Any reading below 50.0 points shows economic activity contracting; thanks to a good run in manufacturing (53.7 points) as global trade in goods picks up, the composite PMI measuring overall activity managed to just-about stay in expansion territory at 50.1 points.

“This [negative services PMI] supports our view that the consumer recovery is set to plateau, or even go into reverse, as rising virus cases, mounting job losses and uncertainty about the months ahead curtail spending,” said analysts at Oxford Economics this week.

“It clearly highlights that the path of the virus itself will be a key factor determining the strength of the economic recovery over the coming months.”

Confidence has always been described as the least tangible economic asset; individual consumers’ spending patterns are always hard to predict, and more so amid a pandemic.

Analysts at ING bank summed it up: “This confirms that human behaviour related to the fear of the virus is an important factor determining economic activity, which is relevant for activity in the months ahead.”

If stock markets are a measure of confidence, this week showed it is running low; the falls between 3% and 4% posted on Monday were the prologue for a week in which markets closed most days in the red.

On Friday, the Stoxx 600 index, with 30 large chemicals listed companies, was down over 1% approaching the session’s closing, with major names like Evonik (-2.2%), BASF (-1.40%), AkzoNobel (-1.34%) or Arkema (-1.45%) posting falls.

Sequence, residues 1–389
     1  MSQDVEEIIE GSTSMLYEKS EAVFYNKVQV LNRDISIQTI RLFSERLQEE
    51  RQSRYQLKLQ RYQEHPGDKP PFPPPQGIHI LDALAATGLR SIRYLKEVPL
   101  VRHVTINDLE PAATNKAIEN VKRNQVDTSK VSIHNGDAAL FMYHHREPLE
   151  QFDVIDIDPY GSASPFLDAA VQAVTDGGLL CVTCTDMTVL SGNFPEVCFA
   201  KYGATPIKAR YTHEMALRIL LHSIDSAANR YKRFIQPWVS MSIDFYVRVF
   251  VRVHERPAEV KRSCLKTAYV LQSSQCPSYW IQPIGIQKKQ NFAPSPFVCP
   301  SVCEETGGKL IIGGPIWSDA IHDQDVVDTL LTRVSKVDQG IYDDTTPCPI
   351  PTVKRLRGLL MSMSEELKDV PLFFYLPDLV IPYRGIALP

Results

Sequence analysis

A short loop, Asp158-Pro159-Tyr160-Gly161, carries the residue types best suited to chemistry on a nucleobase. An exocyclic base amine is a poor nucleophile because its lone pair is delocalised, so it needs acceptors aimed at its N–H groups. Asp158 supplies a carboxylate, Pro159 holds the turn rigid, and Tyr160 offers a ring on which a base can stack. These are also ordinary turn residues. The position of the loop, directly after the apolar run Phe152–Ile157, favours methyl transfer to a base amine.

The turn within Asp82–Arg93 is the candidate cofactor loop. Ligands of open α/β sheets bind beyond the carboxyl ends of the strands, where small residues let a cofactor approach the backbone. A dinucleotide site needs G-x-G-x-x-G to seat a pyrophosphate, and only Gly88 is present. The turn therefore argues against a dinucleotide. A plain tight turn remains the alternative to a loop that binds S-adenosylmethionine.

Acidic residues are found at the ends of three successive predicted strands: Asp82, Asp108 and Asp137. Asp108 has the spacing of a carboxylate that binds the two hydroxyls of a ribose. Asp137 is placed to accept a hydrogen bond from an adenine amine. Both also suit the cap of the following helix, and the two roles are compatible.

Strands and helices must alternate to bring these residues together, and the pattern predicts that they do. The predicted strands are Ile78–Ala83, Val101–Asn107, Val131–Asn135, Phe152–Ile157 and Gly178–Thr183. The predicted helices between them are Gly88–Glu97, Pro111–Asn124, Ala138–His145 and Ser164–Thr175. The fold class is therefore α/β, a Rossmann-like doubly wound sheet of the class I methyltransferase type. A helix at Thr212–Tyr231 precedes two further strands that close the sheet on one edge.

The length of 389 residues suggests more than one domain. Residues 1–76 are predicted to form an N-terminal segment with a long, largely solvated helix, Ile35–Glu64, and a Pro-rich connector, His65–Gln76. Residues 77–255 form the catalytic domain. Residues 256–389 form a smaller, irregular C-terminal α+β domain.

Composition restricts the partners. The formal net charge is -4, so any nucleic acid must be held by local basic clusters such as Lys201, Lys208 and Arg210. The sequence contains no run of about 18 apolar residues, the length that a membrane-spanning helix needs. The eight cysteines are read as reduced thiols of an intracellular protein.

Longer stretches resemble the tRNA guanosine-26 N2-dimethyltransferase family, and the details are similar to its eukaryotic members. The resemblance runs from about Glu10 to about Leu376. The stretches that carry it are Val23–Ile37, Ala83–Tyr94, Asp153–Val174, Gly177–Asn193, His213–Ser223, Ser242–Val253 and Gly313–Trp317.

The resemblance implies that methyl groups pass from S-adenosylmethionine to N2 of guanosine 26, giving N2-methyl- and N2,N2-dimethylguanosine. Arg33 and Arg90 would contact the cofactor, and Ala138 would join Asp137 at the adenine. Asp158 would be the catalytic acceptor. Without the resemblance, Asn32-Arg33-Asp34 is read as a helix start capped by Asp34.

Among major stock exchanges, only London’s FTSE 100 was in the positive, at 0.10%, with Frankfurt’s DAX (-1.47%) or Paris’ CAC 40 (-1.21%) also down.

Crude futures for delivery in November were keeping afloat over the $40/bbl mark in European afternoon trading, but this happens against a backdrop of producing countries – OPEC+ – fruitless efforts to prop up prices after months of output cuts.

With demand for crude set to end 2020 at levels last recorded in 2013, according to the International Energy Agency (IEA) earlier this month, the market continues to be in the doldrums.

In petrochemicals, European methanol prices on Friday brought a positive as fourth-quarter contracts settled up by €38/tonne to €263/tonne FOB (free on board) Rotterdam, the first increase since 2018 and near pre-pandemic levels.

Butadiene (BD), another key chemical for downstream industries, also settled up this week with October contracts at €450/tonne FD (free delivered) northwest Europe (NWE), up by €40/tonne from September.

BD prices, however, still remain far from pre-pandemic levels.

The health emergency, without signs of abating for now, is set to dampen expectations for months to come.

“The impact of second wave-related weakness does lead us to think that the recovery is under more pressure than previously thought,” concluded analysts at ING.

“For governments and [the] European Central Bank, this will be a wake-up call, if they needed one.”

Front page picture: Two residents in Pamplona, north Spain, wearing face masks
Source: Alvaro Barrientos/AP/Shutterstock

Focus article by Jonathan Lopez